Last month, the U.S. Food and Drug Administration (FDA) announced an overhaul to the Nutrition Facts label for packaged foods. The most prominent change on the new label—the one now garnering a giant font size and bold typeface—relates to calories. The FDA believes that clearer calorie labeling is critical to helping consumers make healthier choices.
The problem is that the number of calories in a product is not really the issue for consumer health. In fact, focusing on calorie counts in packaged foods could lead to less-healthful choices and poorer health overall.
To understand, keep in mind that a calorie is merely a unit of energy. One calorie of energy equals one calorie of energy just as one unit of anything equals another unit of the same anything. Quantitatively, a calorie’s worth of nuts is the same as a calorie’s worth of cake.
But two different foods having the same number of calories will not necessarily produce the same results when it comes to health for consumers. Qualitatively, nut calories and cake calories are quite different.
Different foods have different effects based on the types of calories they contain—that is, the specific composition of calorie-providing components (fats, carbohydrates, proteins, and alcohol) that comprise them, along with other components (e.g., fiber and water) in the mix.
Depending on the composition of various components, different foods will have different effects on hunger and fullness, fat burning and fat storage, and energy consumption and expenditure.
While overall calorie intake (for the day; over time) is important, for a given packaged food, it is not the number of calories that matter as much as the type. Higher-calorie foods in packages do not necessarily mean higher calorie intake overall for the day, and lower-calorie foods in packages do not necessarily mean an overall lower calorie intake.
The FDA seems not to recognize this fact, now boldly highlighting the number of calories on Nutrition Facts labels to promote “healthier” (i.e. lower-calorie) product choices.
The new labels will incentivize production and consumption of lower-fat items; fat being the dietary component with by far the greatest density of calories (9 per gram, compared to alcohol’s 7, and carbohydrate’s and protein’s 4). To make calories lower, fat generally has to go.
Yet while fattier items are definitely higher in calories, this fact alone does not make them objectionable or unhealthful. Similarly, while low-fat items are lower in calories, this fact does not make them nutritionally desirable or health-promoting.
Some high-calorie fatty foods promote leaner, healthier, longer lives. Conversely, some products that are low if fat are detrimental to wellness.
Compare a fatty, high-calorie whole food (walnuts), with a processed lower-calorie product (box cake). In the contest between a handful of walnuts and a piece of cake, the nuts will have almost twice as many calories with more than five times as much fat. A focus on calories would make the walnuts seem like the decidedly unhealthy choice.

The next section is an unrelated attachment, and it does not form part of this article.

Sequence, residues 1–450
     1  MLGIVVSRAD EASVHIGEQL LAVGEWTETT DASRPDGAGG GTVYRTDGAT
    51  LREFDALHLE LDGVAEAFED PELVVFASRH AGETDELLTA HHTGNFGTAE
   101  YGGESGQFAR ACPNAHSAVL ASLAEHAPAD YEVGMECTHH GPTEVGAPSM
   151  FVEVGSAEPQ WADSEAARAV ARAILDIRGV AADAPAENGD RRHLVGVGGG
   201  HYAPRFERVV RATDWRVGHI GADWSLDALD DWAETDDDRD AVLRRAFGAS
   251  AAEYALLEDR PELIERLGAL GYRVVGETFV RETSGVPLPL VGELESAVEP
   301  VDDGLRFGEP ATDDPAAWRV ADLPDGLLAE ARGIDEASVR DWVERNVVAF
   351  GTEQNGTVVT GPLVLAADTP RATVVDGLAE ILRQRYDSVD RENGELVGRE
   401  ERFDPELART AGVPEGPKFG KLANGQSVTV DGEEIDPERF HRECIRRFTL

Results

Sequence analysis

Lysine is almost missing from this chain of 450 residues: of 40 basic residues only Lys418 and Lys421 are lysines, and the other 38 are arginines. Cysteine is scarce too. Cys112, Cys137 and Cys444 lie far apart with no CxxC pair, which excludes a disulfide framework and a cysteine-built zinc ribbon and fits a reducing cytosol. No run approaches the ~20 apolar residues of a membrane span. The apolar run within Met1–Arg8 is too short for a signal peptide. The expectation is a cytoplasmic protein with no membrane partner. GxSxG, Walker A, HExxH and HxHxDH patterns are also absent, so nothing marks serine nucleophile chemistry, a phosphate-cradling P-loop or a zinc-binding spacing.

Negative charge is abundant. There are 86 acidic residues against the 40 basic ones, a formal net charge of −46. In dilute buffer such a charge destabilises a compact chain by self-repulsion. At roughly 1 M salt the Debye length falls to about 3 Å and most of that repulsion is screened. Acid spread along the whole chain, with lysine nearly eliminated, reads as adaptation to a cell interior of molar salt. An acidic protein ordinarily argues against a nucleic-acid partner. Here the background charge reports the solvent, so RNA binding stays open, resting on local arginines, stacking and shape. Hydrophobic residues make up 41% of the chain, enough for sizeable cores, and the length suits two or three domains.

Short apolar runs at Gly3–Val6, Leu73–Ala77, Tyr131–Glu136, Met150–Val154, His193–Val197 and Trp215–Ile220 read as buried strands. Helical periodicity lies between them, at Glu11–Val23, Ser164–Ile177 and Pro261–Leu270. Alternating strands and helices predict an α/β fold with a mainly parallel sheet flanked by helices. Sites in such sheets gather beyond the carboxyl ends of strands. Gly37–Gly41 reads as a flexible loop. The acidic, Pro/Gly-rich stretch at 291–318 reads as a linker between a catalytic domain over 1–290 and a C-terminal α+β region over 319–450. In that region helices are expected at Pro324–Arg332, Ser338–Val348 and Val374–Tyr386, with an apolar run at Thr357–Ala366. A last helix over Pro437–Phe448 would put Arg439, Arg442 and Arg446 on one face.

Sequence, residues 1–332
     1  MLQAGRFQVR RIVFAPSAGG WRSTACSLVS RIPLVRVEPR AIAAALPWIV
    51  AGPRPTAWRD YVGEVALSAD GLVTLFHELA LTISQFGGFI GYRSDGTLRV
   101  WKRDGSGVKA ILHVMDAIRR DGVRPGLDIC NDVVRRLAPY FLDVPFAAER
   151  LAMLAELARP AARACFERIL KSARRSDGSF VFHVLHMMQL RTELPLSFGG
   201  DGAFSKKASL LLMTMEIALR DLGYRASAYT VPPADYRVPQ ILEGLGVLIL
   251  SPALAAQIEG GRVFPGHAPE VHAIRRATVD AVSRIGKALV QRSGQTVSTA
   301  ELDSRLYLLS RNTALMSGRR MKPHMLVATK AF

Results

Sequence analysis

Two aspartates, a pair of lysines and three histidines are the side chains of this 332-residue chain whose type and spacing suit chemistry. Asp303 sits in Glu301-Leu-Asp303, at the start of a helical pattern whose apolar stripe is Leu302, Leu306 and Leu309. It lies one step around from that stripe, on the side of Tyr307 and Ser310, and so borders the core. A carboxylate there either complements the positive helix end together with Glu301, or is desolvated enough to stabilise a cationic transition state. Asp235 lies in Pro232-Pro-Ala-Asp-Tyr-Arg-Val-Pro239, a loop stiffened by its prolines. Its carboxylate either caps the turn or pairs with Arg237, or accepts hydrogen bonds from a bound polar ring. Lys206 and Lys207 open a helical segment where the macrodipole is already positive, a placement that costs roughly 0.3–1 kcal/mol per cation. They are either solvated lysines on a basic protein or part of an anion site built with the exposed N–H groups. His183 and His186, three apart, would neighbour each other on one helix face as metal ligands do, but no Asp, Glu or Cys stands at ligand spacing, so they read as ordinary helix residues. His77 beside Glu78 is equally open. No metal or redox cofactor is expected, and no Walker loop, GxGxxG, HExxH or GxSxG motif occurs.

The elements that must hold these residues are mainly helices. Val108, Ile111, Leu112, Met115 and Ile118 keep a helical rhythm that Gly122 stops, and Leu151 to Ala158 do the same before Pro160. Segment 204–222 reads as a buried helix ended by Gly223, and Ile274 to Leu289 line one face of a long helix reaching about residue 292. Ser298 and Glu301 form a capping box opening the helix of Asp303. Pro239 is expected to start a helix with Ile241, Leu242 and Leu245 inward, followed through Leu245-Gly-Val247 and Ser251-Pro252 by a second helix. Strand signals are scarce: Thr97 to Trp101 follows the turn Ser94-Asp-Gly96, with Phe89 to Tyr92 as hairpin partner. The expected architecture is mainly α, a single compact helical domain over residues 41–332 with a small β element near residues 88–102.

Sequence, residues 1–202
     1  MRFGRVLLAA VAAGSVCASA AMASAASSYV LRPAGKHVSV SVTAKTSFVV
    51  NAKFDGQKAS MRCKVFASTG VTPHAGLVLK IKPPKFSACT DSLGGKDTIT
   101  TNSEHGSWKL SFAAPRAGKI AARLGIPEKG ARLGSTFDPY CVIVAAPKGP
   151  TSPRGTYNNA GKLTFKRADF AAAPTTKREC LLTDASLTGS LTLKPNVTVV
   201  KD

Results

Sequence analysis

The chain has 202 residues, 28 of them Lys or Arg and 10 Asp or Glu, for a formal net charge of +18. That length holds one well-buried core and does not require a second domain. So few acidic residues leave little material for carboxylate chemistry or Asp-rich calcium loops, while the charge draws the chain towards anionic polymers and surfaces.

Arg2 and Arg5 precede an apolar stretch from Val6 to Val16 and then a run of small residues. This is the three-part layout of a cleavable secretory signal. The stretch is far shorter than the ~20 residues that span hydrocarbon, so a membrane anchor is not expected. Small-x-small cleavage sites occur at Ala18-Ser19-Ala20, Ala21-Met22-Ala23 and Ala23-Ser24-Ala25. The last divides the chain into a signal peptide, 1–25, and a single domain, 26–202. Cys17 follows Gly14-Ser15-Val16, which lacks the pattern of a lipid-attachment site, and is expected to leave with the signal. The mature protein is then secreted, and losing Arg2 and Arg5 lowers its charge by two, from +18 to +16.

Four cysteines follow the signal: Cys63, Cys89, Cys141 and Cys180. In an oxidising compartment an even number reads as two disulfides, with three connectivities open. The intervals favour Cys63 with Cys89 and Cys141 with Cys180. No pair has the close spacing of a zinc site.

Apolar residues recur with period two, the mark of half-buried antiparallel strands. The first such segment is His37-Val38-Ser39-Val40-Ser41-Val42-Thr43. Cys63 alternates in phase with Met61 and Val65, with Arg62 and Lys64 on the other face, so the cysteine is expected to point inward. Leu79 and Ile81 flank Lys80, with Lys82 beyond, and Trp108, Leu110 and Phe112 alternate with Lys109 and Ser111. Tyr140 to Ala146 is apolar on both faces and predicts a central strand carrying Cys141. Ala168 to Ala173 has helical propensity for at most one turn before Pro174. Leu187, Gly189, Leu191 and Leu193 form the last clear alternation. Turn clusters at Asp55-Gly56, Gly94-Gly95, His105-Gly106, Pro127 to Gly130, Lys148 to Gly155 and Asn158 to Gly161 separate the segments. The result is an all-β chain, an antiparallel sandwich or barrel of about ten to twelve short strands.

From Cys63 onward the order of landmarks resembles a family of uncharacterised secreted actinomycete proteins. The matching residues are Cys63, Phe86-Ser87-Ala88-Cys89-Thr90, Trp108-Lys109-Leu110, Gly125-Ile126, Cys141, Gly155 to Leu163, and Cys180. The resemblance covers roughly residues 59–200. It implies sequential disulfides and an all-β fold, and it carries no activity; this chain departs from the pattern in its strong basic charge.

Of course, this assessment is ridiculous. Even though a handful of walnuts may have more calories than a piece of cake, the walnuts will be more filling, will work against additional consumption later in the day, and will help keep overall calorie intake lower. Plus, nuts promote overall better health and healthier weights and may even help extend life (regardless of their calories and maybe even because of their fats).
Conversely, refined products like cake drive hunger and promote continued eating.
It’s hard to gorge on walnuts, which are full of healthy fats, protein, and fiber; you get pretty full pretty quickly. It’s very easy to have a second (or even third) piece of cake—full of added sugars and refined starches—and to crave other refined-carbohydrate products like chips or soda with it.
But what about a contest between, say, regular box cake and a low-fat/lower-calorie version? Certainly that must be the type of change the FDA is trying to incentivize. The lower-calorie version—with the smaller calorie count—must be healthier, right?
Definitely not. In fact, as higher-calorie fats get swapped out for lower-calorie starches and/or sugars (the standard strategy for making lower-calorie packaged foods like low-fat cake), the result could be an even less healthful product. Products like low-fat cake, full of refined starches and added sugars, almost literally program us to overeat, and to continue to eat the wrong kind of things (i.e. more refined starches and sugars). These products convincingly promote obesity and related diseases like diabetes.
The FDA should understand that focusing on calories is not a focus on health. In fact, the calorie label is very much a fable when it comes to health; a falsehood, suggesting a story not grounded in fact.
For better health, we should ignore the fable—and maybe even avoid the label. After all, just because it comes in a package doesn’t make it a gift and fresh whole foods are always preferable to highly processed items.
As I have expressed to the leaders at Epicure—a company for which I consult that produces packaged foods, but with a dedication to consumer empowerment and to healthy cooking and eating—low-calorie does not equal healthy, low-fat does not make us fit. For leaner bodies and better health, we should choose ingredients from living botanical plants (e.g. nuts) not industrial processing plants (e.g., refined starches and sugars).
Real, minimally processed food is healthful irrespective of its calories and fat. Choose real foods, and healthy calorie intake and better health will follow, naturally.
No fable. True story. Eat real, and live happily ever after.